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July 10, 2017
A Connecticut jury's damages award of more than $28 million in a suit against R.J. Reynolds Tobacco Co. has been upheld by the U.S. Court of Appeals for the Second Circuit—and the sum stands to grow, as the court also remanded for reconsideration of punitive damages.
Barbara Izzarelli, formerly of Norwich, sued the company for smoking-related illnesses, which led to the removal of her larynx.
A Bridgeport federal jury in May 2010 awarded Izzarelli $7.9 million after a 14-day trial before U.S. District Judge Stefan Underhill. Underhill awarded punitive damages of $3.9 million, limiting that amount to litigation expenses less taxable costs. Prejudgment interest increased the total judgment to more than $28 million.
The appeals court said the punitive damages limit must be reconsidered on remand.
"I'll say that both Barbara and her legal team are ecstatic right now," said attorney David Golub of Stamford-based Silver Golub & Teitell, who represented Izzarelli.
"It's been seven years since the verdict and six years since then that the appeal has been pending, but the decision is a strong decision, and it's really gratifying," Golub said of the Second Circuit's summary order.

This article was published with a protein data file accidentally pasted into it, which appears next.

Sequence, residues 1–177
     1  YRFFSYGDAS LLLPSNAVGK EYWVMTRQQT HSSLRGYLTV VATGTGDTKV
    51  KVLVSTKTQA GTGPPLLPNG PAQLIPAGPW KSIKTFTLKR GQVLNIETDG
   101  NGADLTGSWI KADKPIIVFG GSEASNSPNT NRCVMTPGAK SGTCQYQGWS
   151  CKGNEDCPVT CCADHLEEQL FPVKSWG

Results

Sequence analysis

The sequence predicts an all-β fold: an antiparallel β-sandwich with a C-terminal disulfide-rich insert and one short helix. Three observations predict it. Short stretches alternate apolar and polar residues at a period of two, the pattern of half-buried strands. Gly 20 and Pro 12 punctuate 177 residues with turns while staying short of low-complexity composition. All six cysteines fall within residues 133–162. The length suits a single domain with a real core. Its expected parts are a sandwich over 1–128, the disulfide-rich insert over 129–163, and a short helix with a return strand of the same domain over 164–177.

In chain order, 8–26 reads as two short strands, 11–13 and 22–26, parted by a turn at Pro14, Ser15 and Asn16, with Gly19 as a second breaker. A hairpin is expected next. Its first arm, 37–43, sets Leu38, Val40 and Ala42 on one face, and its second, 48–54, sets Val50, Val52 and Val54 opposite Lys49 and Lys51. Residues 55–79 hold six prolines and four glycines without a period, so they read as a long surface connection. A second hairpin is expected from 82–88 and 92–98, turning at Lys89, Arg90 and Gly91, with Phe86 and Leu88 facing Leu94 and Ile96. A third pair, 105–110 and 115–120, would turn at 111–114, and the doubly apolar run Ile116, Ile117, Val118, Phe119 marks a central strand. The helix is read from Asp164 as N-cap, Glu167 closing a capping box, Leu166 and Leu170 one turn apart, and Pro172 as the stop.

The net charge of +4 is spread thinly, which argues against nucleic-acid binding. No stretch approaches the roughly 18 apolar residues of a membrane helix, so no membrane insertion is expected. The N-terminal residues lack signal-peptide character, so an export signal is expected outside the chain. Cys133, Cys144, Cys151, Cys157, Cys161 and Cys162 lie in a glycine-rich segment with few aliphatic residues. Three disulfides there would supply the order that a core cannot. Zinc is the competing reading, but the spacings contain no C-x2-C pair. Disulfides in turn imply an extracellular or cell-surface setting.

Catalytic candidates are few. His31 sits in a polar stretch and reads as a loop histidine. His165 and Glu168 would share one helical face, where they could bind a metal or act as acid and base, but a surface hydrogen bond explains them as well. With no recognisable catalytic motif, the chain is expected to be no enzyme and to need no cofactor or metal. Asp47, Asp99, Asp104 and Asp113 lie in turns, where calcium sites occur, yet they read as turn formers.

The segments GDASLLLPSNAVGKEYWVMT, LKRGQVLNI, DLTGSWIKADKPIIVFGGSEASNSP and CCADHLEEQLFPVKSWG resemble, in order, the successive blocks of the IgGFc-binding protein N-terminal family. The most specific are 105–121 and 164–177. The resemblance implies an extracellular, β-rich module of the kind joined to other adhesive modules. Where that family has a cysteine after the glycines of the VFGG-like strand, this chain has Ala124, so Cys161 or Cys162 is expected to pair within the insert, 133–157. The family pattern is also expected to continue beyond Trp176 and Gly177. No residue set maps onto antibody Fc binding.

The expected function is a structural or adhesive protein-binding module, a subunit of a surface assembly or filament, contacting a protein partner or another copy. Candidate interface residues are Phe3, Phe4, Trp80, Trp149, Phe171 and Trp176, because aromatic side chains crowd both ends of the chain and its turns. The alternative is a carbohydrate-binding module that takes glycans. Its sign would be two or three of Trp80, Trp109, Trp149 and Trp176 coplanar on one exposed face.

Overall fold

Golub also noted that this case, the first smoker's case to come to trial in Connecticut, has helped refine the law and make Connecticut a strong state for tobacco-related claims. "Connecticut is very favorable," he said. "It's likely there will be more litigation now."
Izzarelli, 57, developed larynx cancer after smoking Salem cigarettes for more than 25 years. She was forced have her larynx surgically removed, requiring her to breathe through a hole in her throat. She currently lives in Holly Hill, Florida.
Evidence in Izzarelli's trial sought to show that Reynolds had undertaken a campaign to market Salems to minors in order to establish a long-term customer base. Izzarelli also claimed that Reynolds had designed Salem cigarettes with a set level of nicotine that would provide a daily dose of nicotine above the threshold for nicotine addiction.
The jury held that the Salem cigarettes were unreasonably dangerous and defectively designed. The jury also ruled that Reynolds had acted with reckless disregard for the safety of consumers.
Dr. K. Michael Cummings, professor at the Medical University of South Carolina, testified as an expert on the public health issues in the case.
In a release by Golub, Cummings said, "The tobacco companies have discounted the significance of the verdicts against them in Florida as an aberration because of the Engel class action there," he said. "This verdict demonstrates that the verdicts in Florida are no flukes and that the tobacco companies will be held liable in the Northeast and elsewhere. This unanimous verdict in Connecticut, with its substantial damages and punitive damages award, should send shivers down the tobacco companies' CEO's spines."
Theodore M. Grossman of Jones Day, representing Reynolds, could not immediately be reached.